10. So we have huge storage spaces and all the clutter was pretty organised there and my home is almost always very neat tidy and sort of minimalstic but because the stuff in the store rooms had not been used for some twenty years so we thought of getting rid of it and then it all happened, we opened the pandora box and for the past two months our home is as messy and filthy as can be, all the clutter is spread all over the place and it’s so overwhelming, I don’t think my home will ever be the same again, i am frustrated🤧

    1. You and I are in the same boat. I moved from a 2 BR, 2 BA home with a garage. Now,. I am in a 1 BR, 1 BA apartment and I feel like my “stuff” is taking over. What I realize that you (and I) would have to do, is some serious purging. I have a policy of touch it once…meaning only handle the item once and then assign it to a purpose…Donate, trash, and keep… Do not stop until the whole room is complete and then move onto the next task. It will get done slowly, but surely.

  11. I am very concerned about removing the loved one from the home. I didn’t work with hoarders as a Professional Organizer, but many friends did & do. There is a very good chance this will make things worse for the hoarder if you just go in like this, I would talk with a Professional before removing the loves one from the situation & make sure they understand what is going on…

    1. thisblendedhomeofmine says:

      Thanks, Gretchen. I agree with you, which is why I said, when my loved one asked me for help, I hesitated. I also state that I am not a psychiatrist, and I speak only from experience. The reason I say that if possible, you should organize for the person to be out of the house, is because having the person around can be a difficult experience for them. I’m not saying that it’s always possible. In my case, they admitted to feeling overwhelmed. So I helped. Why? Because asking for help is the first step for your loved one. It’s a difficult situation to be in.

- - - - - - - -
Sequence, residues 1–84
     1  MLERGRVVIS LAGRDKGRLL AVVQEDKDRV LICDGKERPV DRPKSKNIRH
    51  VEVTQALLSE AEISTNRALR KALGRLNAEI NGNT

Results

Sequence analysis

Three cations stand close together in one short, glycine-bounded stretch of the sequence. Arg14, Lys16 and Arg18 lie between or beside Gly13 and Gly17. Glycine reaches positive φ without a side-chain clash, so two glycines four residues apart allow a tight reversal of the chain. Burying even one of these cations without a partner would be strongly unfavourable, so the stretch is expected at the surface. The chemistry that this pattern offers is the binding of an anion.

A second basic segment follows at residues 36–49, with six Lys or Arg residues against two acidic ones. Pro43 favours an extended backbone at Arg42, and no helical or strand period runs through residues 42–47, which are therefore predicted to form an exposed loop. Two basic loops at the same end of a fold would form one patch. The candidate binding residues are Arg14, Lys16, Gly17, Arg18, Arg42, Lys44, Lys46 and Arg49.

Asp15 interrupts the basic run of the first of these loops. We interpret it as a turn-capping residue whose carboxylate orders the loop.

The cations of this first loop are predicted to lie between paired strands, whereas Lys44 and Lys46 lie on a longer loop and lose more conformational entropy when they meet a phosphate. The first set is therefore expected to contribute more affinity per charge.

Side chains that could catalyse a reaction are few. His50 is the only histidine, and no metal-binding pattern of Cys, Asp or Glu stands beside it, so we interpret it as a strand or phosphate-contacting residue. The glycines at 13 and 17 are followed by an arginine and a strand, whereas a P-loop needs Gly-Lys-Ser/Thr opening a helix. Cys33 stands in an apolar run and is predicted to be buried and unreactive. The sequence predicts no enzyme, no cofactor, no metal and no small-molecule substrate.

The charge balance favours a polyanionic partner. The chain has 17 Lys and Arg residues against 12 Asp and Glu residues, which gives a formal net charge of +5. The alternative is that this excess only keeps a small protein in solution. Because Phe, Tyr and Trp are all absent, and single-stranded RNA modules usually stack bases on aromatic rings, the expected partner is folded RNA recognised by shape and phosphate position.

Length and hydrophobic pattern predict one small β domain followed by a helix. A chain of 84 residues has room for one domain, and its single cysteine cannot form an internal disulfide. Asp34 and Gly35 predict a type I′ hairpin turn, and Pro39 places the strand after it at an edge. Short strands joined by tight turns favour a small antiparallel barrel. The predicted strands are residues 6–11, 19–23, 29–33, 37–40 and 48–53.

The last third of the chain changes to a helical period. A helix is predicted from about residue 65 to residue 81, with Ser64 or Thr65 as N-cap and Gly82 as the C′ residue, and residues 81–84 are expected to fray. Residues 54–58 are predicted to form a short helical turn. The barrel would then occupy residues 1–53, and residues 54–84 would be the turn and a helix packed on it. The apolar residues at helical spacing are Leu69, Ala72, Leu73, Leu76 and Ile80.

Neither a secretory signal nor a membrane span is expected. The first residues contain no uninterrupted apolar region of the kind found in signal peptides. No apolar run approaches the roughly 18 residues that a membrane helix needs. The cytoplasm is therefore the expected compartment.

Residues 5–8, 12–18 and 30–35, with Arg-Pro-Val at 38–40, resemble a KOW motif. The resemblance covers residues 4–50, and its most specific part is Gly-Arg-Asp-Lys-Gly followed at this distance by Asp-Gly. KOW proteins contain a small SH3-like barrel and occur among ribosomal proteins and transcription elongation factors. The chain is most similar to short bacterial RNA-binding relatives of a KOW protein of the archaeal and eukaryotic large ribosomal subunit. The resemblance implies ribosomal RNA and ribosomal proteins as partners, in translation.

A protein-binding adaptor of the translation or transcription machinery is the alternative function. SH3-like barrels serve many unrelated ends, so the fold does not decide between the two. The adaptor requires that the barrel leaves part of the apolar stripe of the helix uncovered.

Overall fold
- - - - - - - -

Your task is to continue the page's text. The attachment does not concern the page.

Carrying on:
12. I am currently helping my sis-in-law clean up her home…it’s taking me 3 days to clean the play room room, 6 hours a day. Thankfully, she was the one to ask for help. It’s so bad that I will have to wait till the summer when I have another week off to do the living room. Christmas tree is still up and I can not see any space in the living room. Youre a champ! This was a very encouraging read!

  13. Any advice on how to clean out a hoarders home when the hoarder needs and insists on doing it their way? My dad insisted he needs to go through it all himself. I can see him coming up with a reason to save everything and it’s too big of a job. His heath is also, not the best. I want to hire someone to just get rid of everything. I know if I do that he will be beyond pissed off. I have POA so it’s not like I’ll get in trouble with anyone but him- even though it’s for his best interest. The house has been empty now for almost two years… and very little has been done to clean it out- it’s just getting worse (mostly the yard). I think it’s best to get rid of the house because it needs so much work, and my dad can’t go back to it- at least not in the condition it’s in. It was hard enough getting him out of the house. When I go to the house I see trash… and he sees things he thinks maybe someone would want. His house smells so bad though that everything seems to have an awful odor and he really only collects junk. I am the executor of his will. I really want to deal with the house now and not when he passes away. I also hate the idea of just not doing anything until he passes away. Idk if there is something in his side of his family but his two brothers are also hoarders. One I work with and will go over every 3 months and he will let me throw out some things… I have to sometimes act like I want something so he will get rid of it… then he turns around and I’ll throw it out.